“I’m not paying any fine,” Branham said. “They saw what I did wrong, but they didn’t see what ensued to start the whole thing. Last year at the end of the 4-20’s [special event], he turned me. They didn’t see that. So, that’s why I took it into my own hands.”

Branham only hopes that Begor will retaliate this Saturday night.

“I’d love [for] him to retaliate,” Branham said. “All I’ve got to say is that he better watch his mirror.”

Begor described his side of the story from his own personal aboard the No. 19 Begor’s Supply/A-One Oil Chevrolet.

“We go down into turn one and Bucko overdrives turn two, which allows Nick and I to drive underneath him,” Begor recalled. “Well, as we go down the backstretch, I’m thinking that we cleared [Branham], so I figured that I’m just racing Nick Heywood now for second. We raced for two consecutive laps. I figured I was just racing Nick and he’s not really giving me a lot of room. I’m trying to get Nick up the racetrack a little bit so I could get a little bit better bite off the corners. All along, all I’m thinking is that I was racing Nick Heywood for the last few laps. I had no idea that Bucko was out there in the third lane.”

The nine-time Sportsman feature winner and two-time Airborne Street Stock champion was shocked that he was taken out after the checkered flag was waved.

“I was very surprised,” Begor said. “I’m not surprised that he would do something like that, but was surprised that somebody actually dumped me after the race was done.” Begor assured that he has no intention of retaliating this coming Saturday night or any time in the near future.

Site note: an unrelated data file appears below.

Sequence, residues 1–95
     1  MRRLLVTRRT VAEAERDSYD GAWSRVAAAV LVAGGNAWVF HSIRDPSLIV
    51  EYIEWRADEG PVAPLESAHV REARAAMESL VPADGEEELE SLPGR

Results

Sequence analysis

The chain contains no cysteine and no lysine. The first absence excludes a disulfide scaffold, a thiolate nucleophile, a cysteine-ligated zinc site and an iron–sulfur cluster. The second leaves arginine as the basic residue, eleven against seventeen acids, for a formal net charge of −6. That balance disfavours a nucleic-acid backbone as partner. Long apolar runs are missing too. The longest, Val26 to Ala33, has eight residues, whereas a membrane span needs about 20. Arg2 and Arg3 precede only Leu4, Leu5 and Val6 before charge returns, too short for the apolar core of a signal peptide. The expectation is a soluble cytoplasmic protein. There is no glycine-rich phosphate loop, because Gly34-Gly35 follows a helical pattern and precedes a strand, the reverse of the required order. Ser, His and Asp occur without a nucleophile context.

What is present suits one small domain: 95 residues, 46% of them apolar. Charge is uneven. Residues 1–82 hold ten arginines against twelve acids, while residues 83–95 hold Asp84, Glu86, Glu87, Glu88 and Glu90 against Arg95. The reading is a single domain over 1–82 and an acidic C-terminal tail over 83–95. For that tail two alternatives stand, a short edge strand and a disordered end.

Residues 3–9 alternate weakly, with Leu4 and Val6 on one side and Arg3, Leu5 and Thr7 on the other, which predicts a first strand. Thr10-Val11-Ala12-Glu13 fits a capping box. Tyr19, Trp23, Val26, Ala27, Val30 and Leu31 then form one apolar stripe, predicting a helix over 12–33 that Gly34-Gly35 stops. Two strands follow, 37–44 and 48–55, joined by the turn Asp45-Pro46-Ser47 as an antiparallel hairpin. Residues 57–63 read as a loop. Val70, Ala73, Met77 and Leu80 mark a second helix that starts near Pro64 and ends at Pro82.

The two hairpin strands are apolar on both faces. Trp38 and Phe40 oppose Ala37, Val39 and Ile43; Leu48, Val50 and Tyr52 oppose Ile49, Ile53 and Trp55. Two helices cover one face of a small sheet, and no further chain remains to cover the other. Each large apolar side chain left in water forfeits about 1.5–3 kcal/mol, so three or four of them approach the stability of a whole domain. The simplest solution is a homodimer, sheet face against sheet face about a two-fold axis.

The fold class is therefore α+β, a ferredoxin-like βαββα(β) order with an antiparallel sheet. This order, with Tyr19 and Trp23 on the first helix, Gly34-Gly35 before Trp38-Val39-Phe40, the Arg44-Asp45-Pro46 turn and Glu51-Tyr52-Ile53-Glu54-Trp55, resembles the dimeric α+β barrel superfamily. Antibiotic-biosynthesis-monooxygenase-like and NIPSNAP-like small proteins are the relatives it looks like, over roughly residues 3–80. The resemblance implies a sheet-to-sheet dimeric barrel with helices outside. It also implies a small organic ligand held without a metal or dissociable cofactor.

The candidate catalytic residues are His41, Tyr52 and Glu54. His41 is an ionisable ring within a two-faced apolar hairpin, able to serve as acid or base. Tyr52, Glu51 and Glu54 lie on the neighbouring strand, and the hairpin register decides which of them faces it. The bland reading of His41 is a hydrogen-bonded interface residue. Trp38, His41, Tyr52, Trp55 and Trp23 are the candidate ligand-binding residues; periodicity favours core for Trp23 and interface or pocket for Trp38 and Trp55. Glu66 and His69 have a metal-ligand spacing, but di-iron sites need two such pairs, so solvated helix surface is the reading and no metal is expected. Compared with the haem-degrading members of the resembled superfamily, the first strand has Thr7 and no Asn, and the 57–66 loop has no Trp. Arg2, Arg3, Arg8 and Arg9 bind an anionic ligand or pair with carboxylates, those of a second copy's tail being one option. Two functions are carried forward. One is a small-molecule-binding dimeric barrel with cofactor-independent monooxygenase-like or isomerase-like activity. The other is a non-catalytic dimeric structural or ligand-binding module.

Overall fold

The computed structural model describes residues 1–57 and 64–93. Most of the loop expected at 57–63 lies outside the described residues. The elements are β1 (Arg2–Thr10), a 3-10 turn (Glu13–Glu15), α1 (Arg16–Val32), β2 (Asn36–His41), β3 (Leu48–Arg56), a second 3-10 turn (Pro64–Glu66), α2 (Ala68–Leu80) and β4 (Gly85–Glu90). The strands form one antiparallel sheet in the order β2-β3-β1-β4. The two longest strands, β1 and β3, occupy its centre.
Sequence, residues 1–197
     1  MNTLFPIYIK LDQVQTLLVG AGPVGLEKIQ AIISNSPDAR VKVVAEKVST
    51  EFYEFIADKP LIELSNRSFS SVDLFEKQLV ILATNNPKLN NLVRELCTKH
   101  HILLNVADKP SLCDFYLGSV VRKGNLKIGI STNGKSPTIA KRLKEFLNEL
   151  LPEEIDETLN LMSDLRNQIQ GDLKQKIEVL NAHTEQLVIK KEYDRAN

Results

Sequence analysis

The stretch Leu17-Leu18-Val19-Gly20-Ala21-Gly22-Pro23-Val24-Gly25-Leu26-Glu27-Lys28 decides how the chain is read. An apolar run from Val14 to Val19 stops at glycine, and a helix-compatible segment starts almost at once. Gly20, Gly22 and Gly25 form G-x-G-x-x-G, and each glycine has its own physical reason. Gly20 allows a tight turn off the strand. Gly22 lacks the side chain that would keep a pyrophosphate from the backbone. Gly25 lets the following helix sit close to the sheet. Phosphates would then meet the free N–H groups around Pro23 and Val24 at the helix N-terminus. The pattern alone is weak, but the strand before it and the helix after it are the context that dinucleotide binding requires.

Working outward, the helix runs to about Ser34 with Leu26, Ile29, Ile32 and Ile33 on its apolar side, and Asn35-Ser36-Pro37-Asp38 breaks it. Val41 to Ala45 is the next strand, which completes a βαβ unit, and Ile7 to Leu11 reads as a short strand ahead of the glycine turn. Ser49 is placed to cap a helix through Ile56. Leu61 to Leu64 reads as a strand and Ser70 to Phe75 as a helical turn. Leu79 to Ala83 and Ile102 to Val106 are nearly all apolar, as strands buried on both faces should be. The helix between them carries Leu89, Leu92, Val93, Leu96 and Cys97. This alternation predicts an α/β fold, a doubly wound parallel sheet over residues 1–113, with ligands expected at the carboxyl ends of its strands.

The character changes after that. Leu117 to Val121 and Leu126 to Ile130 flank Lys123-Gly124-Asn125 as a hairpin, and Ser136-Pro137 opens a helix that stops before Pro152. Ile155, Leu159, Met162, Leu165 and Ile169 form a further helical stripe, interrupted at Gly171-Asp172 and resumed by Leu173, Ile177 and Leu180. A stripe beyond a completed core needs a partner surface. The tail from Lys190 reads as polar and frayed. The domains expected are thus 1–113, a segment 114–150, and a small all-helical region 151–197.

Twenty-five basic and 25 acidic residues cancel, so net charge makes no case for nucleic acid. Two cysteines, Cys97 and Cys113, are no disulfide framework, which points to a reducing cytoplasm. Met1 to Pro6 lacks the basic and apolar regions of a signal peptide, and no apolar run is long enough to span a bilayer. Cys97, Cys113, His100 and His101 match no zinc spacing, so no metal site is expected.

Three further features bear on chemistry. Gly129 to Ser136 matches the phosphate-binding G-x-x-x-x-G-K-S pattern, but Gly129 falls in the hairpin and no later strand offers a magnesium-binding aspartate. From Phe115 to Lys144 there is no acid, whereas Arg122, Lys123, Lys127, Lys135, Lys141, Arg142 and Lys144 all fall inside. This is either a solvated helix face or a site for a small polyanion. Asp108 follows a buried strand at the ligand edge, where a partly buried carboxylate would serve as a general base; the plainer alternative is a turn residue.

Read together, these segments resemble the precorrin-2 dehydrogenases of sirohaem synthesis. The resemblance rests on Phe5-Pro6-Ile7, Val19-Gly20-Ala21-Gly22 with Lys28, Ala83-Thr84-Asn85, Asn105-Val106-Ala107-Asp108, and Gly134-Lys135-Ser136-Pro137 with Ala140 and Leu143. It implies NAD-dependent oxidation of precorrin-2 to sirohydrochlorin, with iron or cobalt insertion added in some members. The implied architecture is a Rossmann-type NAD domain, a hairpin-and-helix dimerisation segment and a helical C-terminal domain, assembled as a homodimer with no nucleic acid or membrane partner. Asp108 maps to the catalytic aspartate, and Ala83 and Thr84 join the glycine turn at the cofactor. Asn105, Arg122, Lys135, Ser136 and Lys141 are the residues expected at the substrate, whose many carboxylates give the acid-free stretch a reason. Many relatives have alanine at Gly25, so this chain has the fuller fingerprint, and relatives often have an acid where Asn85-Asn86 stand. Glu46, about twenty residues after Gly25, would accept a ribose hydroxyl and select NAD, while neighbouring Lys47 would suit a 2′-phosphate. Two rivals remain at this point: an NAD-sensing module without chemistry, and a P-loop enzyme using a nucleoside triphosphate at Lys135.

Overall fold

“We won’t stoop to that level,” Begor said. “We’ve got a much better team. I’ve got a good bunch of guys with Kyle, Dean, and Timmy. I’ve got a lot of good sponsors. We’ll just go out there and beat him every week like we have been. I think that’s why he’s getting frustrated.”

The two veteran racers are not the best of friends, but Begor certainly doesn’t consider Bucko Branham a rival of his.

“I just consider him another racer,” Begor said. “Off the track, he’s a good fellow. I guess when he straps the helmet on, sometimes he pulls the straps a little too tight. Other than that, I’m ready to race him every week and we’ll let the best man win.”
Begor wouldn’t mind collecting Branham’s $100 fine.

“I’d like to see the $100,” Begor noted. “I’m going to put it to good use. Next time he’ll think about damaging somebody’s stock car for no reason at all. If he were to take five minutes and watch the video or be a man about it and walk over after the race and say ‘Jamy, can you tell me what happened?’ I would have told him the same thing: I thought I was racing for Nick Heywood for second.”

Despite the few words exchanged between the two, Mooers Forks, N.Y., driver Begor says that the actions committed by Branham weren’t surprising whatsoever.

“He doesn’t need to do any talking after what he did on the racetrack after that performance,” Begor said. “It’s expected from a guy like that, I guess. His track record shows that he has that mentality. I think the crowd [booing] said it all.”